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Von Langen
Forensic Genealogists &
International Investigations
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Tips for Hiring a Forensic Genealogist

Curious woman looking through a magnifying glass

If you are trying to administer an estate and you cannot find the proper heirs, you should seek assistance from a professional forensic genealogist. A skilled forensic genealogist will utilize genealogical evidence to produce a legal identification of the proper heir to an estate and work to track down that heir in order to facilitate your legal proceedings. It is important to retain a legitimate, qualified genealogist who has experience in how to both produce the heir and provide sufficient evidentiary backing to support their claim. Read on for advice on finding and hiring a forensic genealogist. Call a seasoned forensic genealogist for effective, efficient, and legally-sound help identifying the proper heirs to an estate.

Do Your Research

Like hiring any other professional, when you are looking for an effective forensic genealogist, it is important to do your research and compare options. Most importantly, review the forensic genealogist’s client list and read any testimonials from their clients. While you might not be able to find reviews of a genealogist on Yelp, there are nevertheless online repositories of information about different genealogists and their specialties. For example, the Association of Professional Genealogists (APG) website has a member directory that allows you to search by name, location, specialization, languages, and other criteria.

Specialization is Important

When you are looking to hire a forensic genealogist for your legal matter, make sure to vet your prospects for proper expertise. Make sure any genealogist you plan to retain is qualified as a forensic genealogist; not all genealogists are experienced in forensic genealogy, but such professional experience is good evidence of their research skills and commitment to providing reliable services.

There are different kinds of genealogists, and even among forensic genealogists–meaning genealogists whose practice is geared toward not only identifying relatives but also building sufficient evidence to withstand court scrutiny–different specialties arise. It may help to retain a genealogist who is not only experienced in a particular region where the estate is located. If you are in New York City, you will want a genealogist who knows how to wade through New York’s records and track genealogies back to Ellis Island arrivals, and who is familiar with local archivists and librarians. However, your case may require attention in many different localities and might require a different sort of experience.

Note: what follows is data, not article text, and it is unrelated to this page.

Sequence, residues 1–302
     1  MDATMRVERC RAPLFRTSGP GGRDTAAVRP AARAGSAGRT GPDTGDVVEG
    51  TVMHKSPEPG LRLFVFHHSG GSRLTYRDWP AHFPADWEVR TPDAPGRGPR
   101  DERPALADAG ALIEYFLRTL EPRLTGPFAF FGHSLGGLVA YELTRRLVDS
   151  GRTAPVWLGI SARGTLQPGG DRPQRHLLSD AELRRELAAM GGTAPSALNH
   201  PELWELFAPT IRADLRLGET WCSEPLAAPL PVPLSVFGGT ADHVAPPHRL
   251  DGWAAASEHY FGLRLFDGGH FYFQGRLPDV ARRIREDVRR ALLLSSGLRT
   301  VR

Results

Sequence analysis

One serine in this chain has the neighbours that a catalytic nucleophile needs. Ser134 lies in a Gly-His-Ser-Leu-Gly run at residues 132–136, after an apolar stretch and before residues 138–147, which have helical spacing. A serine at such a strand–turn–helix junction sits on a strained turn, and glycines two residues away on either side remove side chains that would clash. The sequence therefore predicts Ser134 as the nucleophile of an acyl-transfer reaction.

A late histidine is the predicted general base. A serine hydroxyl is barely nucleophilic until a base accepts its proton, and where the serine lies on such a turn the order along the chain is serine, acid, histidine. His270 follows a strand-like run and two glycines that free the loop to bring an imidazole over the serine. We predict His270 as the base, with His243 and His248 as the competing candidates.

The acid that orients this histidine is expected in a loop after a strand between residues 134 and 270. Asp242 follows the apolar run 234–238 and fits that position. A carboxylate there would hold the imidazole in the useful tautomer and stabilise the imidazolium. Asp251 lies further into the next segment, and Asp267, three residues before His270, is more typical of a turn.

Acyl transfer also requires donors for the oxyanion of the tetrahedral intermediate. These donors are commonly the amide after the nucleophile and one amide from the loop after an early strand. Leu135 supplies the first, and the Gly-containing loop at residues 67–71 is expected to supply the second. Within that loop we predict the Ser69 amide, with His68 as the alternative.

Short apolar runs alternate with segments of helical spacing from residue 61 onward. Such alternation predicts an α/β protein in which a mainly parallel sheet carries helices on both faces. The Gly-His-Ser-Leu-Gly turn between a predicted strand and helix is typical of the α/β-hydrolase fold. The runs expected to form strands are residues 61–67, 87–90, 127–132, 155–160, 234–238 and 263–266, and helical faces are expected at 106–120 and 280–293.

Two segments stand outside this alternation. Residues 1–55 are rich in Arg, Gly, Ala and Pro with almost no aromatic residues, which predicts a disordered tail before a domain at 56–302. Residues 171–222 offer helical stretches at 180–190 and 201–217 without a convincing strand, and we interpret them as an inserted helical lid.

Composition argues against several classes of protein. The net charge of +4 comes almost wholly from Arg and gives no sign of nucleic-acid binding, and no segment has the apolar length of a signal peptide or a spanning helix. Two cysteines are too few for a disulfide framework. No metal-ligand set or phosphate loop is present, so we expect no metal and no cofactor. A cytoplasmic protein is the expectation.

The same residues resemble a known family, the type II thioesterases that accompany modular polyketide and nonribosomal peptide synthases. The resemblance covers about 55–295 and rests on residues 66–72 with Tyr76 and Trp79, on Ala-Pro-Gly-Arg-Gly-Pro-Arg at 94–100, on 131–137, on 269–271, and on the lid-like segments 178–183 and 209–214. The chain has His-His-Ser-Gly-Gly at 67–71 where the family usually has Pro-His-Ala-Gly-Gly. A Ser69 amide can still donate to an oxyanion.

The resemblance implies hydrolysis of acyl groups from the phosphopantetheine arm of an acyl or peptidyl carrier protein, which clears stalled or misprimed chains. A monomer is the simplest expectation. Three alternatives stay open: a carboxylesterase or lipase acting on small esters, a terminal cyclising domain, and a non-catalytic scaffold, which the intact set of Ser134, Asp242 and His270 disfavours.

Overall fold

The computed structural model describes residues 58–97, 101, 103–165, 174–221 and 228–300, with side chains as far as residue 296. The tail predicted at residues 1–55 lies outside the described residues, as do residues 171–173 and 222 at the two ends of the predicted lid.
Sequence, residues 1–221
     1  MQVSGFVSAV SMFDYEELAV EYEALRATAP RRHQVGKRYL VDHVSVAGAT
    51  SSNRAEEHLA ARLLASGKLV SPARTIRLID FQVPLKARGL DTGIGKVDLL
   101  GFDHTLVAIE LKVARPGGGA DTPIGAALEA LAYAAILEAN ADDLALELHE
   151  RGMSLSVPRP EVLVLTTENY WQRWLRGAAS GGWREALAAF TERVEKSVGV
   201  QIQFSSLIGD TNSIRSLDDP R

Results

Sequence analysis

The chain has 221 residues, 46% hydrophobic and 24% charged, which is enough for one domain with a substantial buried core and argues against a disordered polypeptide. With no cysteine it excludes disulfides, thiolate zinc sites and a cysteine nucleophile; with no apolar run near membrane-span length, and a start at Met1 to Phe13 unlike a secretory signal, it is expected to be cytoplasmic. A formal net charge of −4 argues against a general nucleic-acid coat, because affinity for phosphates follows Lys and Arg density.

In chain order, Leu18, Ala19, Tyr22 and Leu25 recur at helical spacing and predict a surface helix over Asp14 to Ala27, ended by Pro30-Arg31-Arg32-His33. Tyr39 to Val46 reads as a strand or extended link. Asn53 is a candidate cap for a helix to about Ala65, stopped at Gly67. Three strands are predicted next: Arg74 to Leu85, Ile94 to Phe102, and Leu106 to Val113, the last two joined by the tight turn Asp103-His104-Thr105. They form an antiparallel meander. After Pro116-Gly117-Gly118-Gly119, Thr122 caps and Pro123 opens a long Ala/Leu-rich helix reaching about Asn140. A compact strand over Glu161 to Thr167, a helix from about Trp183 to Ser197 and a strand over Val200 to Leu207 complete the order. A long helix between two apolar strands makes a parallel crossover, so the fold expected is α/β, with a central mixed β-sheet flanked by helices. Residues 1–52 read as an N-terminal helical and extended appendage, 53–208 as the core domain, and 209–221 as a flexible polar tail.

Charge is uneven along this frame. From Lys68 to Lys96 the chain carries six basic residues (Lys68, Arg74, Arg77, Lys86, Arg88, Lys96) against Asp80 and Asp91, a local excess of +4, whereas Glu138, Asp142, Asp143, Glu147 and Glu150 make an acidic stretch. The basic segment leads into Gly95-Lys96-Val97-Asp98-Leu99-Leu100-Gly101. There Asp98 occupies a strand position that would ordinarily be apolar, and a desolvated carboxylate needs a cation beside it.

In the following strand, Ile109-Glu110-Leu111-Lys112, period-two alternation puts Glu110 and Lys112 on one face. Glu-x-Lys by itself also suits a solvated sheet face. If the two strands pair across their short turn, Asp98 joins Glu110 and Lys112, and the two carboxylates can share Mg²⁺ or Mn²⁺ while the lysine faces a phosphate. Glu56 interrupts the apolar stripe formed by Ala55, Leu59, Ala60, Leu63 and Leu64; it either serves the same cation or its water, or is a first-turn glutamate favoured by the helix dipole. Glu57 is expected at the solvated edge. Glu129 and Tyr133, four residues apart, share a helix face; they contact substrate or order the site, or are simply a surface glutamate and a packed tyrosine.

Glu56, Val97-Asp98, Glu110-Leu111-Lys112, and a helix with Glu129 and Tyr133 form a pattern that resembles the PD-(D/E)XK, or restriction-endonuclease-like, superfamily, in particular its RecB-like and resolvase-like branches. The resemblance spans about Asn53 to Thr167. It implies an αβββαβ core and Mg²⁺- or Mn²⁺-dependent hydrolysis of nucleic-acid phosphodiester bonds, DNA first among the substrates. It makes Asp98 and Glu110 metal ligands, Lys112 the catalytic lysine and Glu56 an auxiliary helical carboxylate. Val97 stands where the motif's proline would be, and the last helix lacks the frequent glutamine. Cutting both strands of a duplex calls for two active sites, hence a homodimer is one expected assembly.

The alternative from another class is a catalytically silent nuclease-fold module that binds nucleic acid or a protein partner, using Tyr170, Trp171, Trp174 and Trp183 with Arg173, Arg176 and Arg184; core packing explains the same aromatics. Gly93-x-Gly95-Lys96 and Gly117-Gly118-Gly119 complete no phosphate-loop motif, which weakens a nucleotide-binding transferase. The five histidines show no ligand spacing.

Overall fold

Ask for Referrals and Reviews

Beyond looking around online, one of the best ways to find the professional you need is to go through your friends, family, and colleagues. Your colleagues may refer you to a trusted estate planning lawyer who might have a suggestion for a good forensic genealogist, or they may have an opinion about the genealogist you are considering for your matter. Once you identify a candidate, you can try to speak with their past clients to ensure that they are someone with whom you would like to work.

Put it in Writing

You are retaining a genealogist to provide a service. Make sure to draft an agreement that lays out your expectations and the scope of their work. The best forensic genealogist cannot unearth evidence that simply does not exist, so it is important to understand the limitations of what they can accomplish, as well as how much time, effort, and money you are willing to let your genealogist spend chasing down leads. Your agreement should also lay out what type of work product you would like to see in the end. You want a report, for example, that not only lists what they have found but also “negative results”–the leads they followed that did not pan out–so that you can properly evaluate the quality and thoroughness of their work Ultimately, a forensic genealogist’s experience and efforts put forth in your case should provide good evidence that will serve to satisfy any requirements for due diligence.

If you’re an estate administrator in need of skilled assistance identifying and locating missing heirs to an estate and for determination of heirship proceedings, or heir research services to satisfy due diligence requirements, contact the seasoned and efficient forensic genealogists at Von Langen, LLC at 800-525-7722.